Symptoms and Signs of Ingrown Toenails (Onychocryptosis, Unguis Incarnatus)

Medical Author:
Medically Reviewed on 7/12/2022

Doctor's Notes on Ingrown Toenails (Onychocryptosis, Unguis Incarnatus)

Ingrown toenails, medically known as onychocryptosis, are caused by a toenail growing into the surrounding nail fold. Some conditions that may predispose to the development of ingrown toenails include injuries, poor foot hygiene, deformities of the toes or feet, and improper footwear. Ingrown toenails are most commonly seen in the big toe and are a relatively common problem.

Associated signs and symptoms include redness, pain, and swelling of the affected toe. In many cases, an ingrown toenail may become infected. In the case of an infection, drainage of yellowish pus may occur from the site. Other symptoms and signs associated with ingrown toenails can include limping or gait disturbances if the pain interferes with walking and the development of scar tissue at the site.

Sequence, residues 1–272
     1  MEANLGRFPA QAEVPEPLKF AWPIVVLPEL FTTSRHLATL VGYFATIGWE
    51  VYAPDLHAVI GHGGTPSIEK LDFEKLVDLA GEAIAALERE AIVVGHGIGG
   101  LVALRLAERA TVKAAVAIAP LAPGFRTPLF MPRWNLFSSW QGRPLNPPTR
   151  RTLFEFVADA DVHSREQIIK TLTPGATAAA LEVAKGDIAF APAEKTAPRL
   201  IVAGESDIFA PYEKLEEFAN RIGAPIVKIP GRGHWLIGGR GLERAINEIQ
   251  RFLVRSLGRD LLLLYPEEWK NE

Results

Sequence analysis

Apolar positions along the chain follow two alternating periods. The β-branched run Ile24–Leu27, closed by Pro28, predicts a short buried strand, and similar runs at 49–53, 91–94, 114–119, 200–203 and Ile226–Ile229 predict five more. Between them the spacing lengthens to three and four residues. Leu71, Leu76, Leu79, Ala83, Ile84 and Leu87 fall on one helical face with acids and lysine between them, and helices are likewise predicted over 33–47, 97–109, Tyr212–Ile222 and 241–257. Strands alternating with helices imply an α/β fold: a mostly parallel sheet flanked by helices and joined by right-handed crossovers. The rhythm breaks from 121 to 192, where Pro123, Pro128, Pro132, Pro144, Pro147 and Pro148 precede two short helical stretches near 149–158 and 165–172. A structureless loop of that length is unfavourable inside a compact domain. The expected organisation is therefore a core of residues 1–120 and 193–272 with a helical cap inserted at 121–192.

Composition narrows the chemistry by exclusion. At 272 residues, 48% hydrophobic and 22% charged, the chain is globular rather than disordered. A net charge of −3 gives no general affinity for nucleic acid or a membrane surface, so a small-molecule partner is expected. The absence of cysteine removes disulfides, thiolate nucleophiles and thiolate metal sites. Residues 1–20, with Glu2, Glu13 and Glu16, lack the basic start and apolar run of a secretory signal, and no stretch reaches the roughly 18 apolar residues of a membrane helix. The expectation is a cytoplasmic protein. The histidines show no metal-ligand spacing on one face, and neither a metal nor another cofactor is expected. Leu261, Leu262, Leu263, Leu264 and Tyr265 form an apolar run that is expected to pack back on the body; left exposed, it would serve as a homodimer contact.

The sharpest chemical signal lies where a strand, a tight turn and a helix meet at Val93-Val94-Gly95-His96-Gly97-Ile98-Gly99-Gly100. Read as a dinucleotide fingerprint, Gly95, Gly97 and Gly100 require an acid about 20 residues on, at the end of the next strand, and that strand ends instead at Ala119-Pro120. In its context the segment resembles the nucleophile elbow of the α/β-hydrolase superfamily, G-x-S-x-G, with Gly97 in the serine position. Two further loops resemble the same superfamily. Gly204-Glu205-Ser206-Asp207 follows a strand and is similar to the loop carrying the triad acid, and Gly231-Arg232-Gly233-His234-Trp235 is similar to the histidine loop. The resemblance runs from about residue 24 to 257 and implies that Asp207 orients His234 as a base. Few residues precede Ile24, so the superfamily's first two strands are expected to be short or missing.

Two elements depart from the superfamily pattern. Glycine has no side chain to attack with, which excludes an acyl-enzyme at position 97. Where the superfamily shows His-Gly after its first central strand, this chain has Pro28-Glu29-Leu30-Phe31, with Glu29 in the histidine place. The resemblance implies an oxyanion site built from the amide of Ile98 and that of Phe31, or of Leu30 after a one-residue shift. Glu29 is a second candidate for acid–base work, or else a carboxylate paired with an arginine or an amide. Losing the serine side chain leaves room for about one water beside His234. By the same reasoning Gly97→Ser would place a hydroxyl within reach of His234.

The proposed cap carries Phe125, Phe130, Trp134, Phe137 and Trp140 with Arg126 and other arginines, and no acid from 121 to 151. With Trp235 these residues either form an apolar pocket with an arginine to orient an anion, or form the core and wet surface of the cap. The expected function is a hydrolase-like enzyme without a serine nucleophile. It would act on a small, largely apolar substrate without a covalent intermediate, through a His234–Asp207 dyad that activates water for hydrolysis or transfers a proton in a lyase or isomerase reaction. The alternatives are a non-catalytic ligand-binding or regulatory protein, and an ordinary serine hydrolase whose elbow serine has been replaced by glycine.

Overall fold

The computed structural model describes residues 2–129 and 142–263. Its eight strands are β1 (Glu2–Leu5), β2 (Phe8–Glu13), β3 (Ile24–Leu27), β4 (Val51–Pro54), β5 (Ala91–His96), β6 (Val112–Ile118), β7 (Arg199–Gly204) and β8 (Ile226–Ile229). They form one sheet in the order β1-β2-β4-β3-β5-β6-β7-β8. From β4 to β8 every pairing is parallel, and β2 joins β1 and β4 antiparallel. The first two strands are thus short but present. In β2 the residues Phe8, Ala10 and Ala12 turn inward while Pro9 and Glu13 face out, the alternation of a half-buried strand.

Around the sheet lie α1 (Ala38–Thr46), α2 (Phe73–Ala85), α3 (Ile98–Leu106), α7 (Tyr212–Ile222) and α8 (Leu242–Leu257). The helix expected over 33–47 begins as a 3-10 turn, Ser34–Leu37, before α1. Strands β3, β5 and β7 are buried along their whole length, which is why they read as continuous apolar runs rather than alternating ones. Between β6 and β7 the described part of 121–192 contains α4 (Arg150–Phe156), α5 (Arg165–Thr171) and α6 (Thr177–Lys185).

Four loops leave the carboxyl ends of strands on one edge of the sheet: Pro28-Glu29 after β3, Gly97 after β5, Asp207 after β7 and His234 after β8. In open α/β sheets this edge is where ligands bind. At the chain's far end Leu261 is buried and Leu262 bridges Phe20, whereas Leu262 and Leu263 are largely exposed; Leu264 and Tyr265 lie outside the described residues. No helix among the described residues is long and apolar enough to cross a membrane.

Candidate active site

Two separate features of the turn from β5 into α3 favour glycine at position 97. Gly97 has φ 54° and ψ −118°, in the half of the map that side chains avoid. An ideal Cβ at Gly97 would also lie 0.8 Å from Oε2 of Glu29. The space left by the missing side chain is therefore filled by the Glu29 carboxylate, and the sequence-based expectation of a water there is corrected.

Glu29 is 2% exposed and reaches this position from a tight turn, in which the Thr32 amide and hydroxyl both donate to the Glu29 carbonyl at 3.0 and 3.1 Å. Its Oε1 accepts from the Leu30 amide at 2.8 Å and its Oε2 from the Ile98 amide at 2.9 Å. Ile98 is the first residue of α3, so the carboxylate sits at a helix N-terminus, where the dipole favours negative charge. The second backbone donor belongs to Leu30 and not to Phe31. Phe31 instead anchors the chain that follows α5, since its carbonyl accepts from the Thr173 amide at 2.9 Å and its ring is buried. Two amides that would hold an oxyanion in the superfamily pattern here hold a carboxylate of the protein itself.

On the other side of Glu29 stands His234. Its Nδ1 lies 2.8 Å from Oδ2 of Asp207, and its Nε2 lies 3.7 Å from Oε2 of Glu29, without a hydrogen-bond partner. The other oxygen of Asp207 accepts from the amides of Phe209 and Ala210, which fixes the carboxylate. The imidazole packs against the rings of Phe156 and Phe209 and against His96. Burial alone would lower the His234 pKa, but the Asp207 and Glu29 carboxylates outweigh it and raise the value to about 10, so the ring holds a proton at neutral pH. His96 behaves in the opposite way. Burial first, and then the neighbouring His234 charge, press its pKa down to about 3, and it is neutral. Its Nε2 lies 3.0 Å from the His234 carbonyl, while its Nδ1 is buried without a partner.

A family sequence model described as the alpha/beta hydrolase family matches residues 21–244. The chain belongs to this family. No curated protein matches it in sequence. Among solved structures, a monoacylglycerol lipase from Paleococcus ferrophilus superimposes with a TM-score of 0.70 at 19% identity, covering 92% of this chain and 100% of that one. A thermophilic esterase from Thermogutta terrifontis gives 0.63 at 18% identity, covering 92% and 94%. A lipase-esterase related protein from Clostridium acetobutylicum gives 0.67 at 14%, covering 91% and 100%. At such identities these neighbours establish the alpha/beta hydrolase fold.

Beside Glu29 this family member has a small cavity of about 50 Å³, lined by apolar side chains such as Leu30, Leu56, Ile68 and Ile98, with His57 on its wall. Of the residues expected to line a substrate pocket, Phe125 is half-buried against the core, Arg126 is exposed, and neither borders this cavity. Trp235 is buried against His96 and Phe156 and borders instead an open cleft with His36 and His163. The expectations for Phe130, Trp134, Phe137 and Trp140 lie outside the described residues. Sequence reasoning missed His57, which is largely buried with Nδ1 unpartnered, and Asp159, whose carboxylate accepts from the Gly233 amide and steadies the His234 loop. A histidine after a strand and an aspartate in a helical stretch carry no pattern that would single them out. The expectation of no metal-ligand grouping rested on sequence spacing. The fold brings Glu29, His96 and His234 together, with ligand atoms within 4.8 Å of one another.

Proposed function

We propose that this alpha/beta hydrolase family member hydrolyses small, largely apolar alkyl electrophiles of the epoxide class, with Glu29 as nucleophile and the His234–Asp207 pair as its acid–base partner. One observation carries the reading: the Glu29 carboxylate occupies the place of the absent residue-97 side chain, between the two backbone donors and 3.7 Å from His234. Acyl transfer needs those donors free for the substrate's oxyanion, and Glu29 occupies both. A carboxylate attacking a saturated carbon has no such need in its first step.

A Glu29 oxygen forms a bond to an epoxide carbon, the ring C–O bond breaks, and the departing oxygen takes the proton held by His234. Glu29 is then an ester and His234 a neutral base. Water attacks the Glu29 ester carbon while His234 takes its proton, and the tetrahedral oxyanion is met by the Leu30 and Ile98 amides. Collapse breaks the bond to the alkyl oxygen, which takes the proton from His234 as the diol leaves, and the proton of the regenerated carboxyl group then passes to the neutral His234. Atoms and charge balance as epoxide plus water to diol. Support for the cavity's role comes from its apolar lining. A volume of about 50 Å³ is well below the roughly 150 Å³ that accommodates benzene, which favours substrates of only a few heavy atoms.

What Is the Treatment for Ingrown Toenails?

Home remedies to manage ingrown toenails include soaking in warm water, placing dental floss or cotton beneath the toenail after soaking, and the use of antibiotic cream and over-the-counter pain reliever medications.

A health care provider may recommend in-office treatments such as lifting the nail and placing cotton or a splint underneath the affected area or surgical removal of the involved area under local anesthesia, known as nail avulsion. In some cases, your doctor may choose to surgically remove the entire nail.

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REFERENCE:

Kasper, D.L., et al., eds. Harrison's Principles of Internal Medicine, 19th Ed. United States: McGraw-Hill Education, 2015.